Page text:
Offering specific examples of the procedures in action is also helpful in terms of clarity.

Keeping it posted on a school music bulletin board or with some cool music room rules posters will do a lot too. 

Easy To Remember

Make the rules easy to remember and say. 

The MUSIC acronym works for me because it… well, it means MUSIC. 

But if you want to simplify even more, go for it.

Reinforced By You

It doesn’t matter one tiny bit what rules you use if you don’t also reinforce and stick with them. 

Apply them universally, with empathy, sure, but act every time. 

Language Kids Can Understand

Use words your kids can understand or at least explain easily. 

“Maintain a respectful and focused learning environment to ensure you and your peers receive an excellent education.” 

This one may be good for middle school or high school students, but imagine this for Kindergarten? Crazy. 

“Wait your turn to talk, and always raise your hand.” 

This is the same idea but much better for the age level. 

Tips For Teaching/Reteaching Music Rules

How you teach rules and procedures is also critical. 

I try to review this book every year, and I recommend every else do as well.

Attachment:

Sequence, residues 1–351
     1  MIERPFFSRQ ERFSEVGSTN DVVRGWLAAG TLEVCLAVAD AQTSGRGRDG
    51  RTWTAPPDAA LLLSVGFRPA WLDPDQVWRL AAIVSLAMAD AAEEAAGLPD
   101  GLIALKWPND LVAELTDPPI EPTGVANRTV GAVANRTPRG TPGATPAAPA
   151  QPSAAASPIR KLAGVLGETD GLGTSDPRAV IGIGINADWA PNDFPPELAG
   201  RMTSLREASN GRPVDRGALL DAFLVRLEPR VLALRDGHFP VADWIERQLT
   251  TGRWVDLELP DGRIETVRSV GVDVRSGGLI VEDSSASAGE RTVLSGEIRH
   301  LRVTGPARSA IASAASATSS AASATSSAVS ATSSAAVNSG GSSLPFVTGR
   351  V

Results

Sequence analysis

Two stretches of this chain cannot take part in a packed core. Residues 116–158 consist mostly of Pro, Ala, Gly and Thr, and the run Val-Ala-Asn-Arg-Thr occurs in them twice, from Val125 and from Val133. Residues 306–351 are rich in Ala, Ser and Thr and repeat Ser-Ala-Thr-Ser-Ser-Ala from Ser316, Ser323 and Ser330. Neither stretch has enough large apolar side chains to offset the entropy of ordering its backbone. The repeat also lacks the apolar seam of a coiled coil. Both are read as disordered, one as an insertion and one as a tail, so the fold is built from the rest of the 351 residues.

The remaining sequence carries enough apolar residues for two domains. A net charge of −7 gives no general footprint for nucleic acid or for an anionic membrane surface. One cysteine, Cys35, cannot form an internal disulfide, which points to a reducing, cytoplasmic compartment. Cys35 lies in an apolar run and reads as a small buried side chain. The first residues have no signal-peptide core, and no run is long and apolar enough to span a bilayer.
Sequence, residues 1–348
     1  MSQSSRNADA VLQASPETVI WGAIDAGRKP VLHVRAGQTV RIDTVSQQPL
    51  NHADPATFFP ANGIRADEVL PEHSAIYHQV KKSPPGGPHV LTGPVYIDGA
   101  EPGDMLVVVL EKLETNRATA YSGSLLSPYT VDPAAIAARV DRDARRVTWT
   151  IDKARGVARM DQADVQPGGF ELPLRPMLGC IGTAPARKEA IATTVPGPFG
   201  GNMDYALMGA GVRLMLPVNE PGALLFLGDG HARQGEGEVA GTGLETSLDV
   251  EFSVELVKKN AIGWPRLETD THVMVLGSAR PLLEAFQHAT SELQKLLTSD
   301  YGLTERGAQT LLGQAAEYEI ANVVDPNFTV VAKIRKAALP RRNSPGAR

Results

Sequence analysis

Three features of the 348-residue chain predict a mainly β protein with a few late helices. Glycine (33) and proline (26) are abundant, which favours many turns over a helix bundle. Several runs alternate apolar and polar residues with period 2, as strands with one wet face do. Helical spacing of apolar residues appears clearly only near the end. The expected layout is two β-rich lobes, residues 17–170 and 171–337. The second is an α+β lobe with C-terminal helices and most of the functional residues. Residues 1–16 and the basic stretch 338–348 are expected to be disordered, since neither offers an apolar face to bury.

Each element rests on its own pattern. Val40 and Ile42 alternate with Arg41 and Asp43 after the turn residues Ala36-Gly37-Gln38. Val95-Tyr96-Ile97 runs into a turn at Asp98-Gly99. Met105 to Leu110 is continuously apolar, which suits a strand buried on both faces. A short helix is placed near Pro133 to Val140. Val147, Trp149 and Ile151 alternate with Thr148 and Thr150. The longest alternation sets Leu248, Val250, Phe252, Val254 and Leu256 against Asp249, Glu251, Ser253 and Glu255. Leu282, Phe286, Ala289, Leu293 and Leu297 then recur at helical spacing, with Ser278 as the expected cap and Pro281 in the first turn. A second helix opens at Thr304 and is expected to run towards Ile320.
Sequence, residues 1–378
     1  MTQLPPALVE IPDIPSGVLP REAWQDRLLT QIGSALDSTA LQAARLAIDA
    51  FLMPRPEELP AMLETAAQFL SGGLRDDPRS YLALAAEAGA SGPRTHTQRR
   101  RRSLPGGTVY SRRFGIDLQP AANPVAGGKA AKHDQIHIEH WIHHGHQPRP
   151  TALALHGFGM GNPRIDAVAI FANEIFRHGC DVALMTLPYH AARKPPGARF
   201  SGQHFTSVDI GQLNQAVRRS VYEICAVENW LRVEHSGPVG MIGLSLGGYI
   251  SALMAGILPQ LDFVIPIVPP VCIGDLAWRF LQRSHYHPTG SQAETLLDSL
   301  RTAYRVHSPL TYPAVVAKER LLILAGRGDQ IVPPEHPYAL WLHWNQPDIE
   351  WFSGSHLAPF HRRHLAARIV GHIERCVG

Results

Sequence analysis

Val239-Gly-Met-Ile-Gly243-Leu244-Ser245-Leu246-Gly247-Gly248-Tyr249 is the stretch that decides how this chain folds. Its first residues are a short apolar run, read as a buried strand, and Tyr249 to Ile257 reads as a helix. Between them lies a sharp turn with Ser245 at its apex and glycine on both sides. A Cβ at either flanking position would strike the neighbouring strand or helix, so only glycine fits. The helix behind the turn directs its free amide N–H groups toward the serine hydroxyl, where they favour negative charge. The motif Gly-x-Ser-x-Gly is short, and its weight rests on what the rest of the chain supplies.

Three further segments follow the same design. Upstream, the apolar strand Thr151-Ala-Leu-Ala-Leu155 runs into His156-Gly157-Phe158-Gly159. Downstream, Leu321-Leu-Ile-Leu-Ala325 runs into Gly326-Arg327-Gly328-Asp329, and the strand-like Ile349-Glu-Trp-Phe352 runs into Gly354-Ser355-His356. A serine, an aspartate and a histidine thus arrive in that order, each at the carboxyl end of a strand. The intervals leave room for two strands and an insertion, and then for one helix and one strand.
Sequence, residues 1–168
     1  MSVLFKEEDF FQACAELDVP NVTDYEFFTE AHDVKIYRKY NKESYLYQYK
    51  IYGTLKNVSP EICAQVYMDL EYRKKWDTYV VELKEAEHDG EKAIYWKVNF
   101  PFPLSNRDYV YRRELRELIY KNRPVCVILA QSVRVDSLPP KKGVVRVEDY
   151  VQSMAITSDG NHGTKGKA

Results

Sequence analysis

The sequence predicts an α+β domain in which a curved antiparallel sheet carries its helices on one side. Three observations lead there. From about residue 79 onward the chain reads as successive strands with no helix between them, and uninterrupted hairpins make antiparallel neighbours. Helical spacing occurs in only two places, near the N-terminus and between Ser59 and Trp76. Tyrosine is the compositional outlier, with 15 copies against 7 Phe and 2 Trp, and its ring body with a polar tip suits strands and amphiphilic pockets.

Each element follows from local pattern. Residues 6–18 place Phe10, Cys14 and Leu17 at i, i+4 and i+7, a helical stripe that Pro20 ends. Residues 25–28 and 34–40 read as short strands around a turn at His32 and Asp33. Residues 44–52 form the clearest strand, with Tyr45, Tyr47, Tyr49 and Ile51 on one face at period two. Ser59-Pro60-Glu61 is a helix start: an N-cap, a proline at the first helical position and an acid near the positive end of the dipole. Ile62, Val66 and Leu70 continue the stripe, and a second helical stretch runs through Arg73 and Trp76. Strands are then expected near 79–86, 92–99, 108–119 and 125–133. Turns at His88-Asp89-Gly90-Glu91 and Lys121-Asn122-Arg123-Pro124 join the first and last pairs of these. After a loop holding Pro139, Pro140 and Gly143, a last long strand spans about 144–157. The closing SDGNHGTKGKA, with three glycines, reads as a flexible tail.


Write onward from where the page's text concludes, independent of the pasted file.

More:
There’s no better method and tips for teaching and reinforcing procedures. 

Here is a quick rundown of my personal tips and takeaways, though. 


First, state the rule and then explain what it means and looks like in a classroom. 

The more specific you get, the better. 

Example / Question

Provide the students with some scenarios (act them out on your own or with student help) and question on which procedures aren’t being followed (or are!). 

Model (Individual, Small Group, Whole Group) 

Do the task (such as going to instruments) and model it with one student. 

Then, with small groups. 

Then, as the whole class. 

Be sure to offer specific compliments on what was awesome. 

If needed, offer critique on what could be better. 


Periodically and as needed, go through these steps again and again. 

Rules and procedures are a yearly pursuit but don’t give up on them. 

Not every class or student will get them, but most will if you show you’re clear and consistent. 

Save time with these 60 FREE Music Resources to use in your room right away!

Stop searching the whole internet to find good activities. I’ll help you cut to the chase with my favorite 60 FREE resources.

Zach VanderGraaff

Zach VanderGraaff is a K-5 music teacher in Michigan with 12 years of experience. He's the President of the Michigan Kodaly Educators and founder of the Dynamic Music Room.